In 1944, he purchased the Bryson Apartment Hotel in the Westlake, Los Angeles neighborhood for $600,000, using profits from Double Indemnity, and was a co-owner of three other apartment buildings.[12] The actor was cautious with his finances, which went hand-in-hand with his sedate lifestyle. The majority of his earnings were used for investments, (including a knitting mill, co-owner of a golf-and-tennis club and a cold-storage business).[29] MacMurray insisted upon a percentage of gross of the films in which he starred.

In 1945, along with former actor Leslie Fenton, MacMurray formed a production company, entitled "Mutual Pictures".[30] With this production company the pair made one film Pardon My Past, a moderate success.[4]

A 1977 profile dispelled the myth of MacMurray's wealth, reporting that if he "...sold everything I'd be worth maybe $3 million to $4 million. Maybe". He states that the myth of his wealth being in league with Doris Duke and the Aga Khan ($75 to $100 million range) stemmed from his life-long frugality.[31]

Personal life

Star on the Hollywood Walk of Fame at 6421 Hollywood Boulevard


MacMurray was married twice, first to Lillian "Lily" Lamont (legal name Lilian Wehmhoener MacMurray, born 1908) and after her death, actress June Haver.

Lillian Lamont

Lamont and MacMurray met during the production of Roberta while in New York City while he was performing with the Collegians in 1934, and they quickly became an item.[32] Despite the budding romance he left New York and returned to Hollywood in efforts to continue his career.[15]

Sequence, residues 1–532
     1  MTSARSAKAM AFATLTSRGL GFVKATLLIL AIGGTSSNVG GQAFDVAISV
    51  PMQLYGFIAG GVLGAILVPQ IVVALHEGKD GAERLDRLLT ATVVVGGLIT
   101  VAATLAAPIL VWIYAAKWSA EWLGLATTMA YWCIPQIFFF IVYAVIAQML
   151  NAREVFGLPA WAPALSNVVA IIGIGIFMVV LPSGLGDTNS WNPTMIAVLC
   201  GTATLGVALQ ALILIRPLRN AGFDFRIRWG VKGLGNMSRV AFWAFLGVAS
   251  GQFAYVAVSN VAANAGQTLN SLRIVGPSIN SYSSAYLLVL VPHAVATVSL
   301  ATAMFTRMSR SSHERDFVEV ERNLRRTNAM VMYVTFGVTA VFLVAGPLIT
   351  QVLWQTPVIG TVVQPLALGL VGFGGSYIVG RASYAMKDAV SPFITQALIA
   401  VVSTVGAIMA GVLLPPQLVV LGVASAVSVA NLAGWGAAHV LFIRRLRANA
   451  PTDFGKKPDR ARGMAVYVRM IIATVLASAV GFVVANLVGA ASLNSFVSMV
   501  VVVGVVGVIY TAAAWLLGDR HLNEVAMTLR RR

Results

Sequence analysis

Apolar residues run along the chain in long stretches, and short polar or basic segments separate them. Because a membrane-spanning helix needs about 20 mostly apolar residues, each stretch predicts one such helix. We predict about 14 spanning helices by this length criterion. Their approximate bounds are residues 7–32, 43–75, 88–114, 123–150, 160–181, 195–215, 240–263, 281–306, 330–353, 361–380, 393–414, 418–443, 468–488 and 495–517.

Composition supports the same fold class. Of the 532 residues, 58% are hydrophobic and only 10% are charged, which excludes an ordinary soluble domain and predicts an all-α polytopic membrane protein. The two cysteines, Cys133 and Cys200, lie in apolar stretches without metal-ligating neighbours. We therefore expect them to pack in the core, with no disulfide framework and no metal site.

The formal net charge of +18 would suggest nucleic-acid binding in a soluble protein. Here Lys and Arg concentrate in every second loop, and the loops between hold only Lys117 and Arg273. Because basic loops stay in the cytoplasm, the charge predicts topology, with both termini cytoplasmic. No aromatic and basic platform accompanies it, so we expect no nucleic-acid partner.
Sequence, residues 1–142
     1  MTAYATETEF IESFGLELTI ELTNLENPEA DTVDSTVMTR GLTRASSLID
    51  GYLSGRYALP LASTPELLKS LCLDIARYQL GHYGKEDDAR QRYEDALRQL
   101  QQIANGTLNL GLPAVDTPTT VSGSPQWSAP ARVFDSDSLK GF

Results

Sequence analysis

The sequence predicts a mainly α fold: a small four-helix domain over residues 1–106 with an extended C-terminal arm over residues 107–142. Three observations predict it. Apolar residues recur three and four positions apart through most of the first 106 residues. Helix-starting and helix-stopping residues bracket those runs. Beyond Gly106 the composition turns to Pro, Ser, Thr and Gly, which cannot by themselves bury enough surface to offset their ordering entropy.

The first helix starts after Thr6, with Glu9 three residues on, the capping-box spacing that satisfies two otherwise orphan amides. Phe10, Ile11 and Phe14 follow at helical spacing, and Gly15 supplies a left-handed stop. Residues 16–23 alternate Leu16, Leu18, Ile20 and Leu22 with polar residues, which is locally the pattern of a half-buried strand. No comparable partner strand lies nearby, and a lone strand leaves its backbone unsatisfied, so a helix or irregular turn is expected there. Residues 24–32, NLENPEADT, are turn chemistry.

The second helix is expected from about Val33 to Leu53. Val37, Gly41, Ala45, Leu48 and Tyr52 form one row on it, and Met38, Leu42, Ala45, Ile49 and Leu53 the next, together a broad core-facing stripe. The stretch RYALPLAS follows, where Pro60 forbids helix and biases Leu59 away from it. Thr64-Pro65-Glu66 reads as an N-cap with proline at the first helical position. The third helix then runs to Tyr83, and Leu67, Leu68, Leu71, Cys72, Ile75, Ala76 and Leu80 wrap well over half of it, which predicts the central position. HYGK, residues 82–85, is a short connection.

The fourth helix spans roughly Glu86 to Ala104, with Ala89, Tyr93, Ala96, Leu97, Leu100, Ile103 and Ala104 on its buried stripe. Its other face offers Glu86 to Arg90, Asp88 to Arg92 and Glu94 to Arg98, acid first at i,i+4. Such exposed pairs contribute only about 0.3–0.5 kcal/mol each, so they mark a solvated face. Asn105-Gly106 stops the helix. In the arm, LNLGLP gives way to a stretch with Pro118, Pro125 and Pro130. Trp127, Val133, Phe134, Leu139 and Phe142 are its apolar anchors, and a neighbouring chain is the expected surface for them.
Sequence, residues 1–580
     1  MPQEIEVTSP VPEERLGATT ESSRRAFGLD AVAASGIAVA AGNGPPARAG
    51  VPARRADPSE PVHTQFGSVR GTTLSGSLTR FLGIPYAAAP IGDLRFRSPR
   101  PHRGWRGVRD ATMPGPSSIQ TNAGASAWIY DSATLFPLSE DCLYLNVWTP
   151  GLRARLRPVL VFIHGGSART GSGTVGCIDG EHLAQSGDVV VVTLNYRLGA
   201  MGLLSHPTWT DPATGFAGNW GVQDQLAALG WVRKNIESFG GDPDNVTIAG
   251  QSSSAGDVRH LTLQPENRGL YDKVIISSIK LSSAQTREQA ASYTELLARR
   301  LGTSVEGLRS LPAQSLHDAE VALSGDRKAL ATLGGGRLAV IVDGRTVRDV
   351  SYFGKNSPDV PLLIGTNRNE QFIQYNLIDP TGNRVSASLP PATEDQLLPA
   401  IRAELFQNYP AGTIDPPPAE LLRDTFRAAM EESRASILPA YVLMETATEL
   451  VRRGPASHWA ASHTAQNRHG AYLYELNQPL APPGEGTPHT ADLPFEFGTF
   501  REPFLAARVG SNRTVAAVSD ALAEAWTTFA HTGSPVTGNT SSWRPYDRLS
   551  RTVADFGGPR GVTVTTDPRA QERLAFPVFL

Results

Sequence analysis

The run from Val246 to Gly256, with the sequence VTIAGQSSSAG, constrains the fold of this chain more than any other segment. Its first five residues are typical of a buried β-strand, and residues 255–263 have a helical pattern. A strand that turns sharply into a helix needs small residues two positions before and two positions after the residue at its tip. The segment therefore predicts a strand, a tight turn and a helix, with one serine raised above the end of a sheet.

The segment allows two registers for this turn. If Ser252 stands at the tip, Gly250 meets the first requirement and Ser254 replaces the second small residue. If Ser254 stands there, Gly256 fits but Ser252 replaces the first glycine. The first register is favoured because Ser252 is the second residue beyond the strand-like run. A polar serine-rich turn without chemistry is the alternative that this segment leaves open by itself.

It was reported that upon his return he spurned a matchmaking attempt by gossip columnist Louella Parsons. Accounts vary, with some reporting that Parsons was angry over MacMurray's refusal of her efforts, leading Parsons to attempt to derail his career. Other sources indicate that MacMurray turned down a party invitation from William Randolph Hearst (via Parsons), as the publisher had already identified another female as MacMurray's date for the event.[12] Parsons refers in a 1947 column that she and MacMurray made amends, "...we let our hair down about a lot of things...principally a misunderstanding that marred a long friendship, and then and there cleaned up all our grievances", possibly alluding to the columnist's attempts at career sabotage.[33]

In 1934, the couple announced to the news that they were in a "test engagement", stating that they "want to be sure before we make any official announcement" that "...their personalities were the type which could pull in a double harness while they followed their careers".[34] By late spring of 1936, the couple decided to make it official. Late on the night of June 19, 1936, MacMurray, Lamont, MacMurray's mother traveled by plane to Las Vegas to be married. The trip - and marriage - were kept secret from friends and studio officials, who spent the day of the 20th trying to locate the actor. The newlyweds and family returned to Hollywood on a plane that same day.[35][36]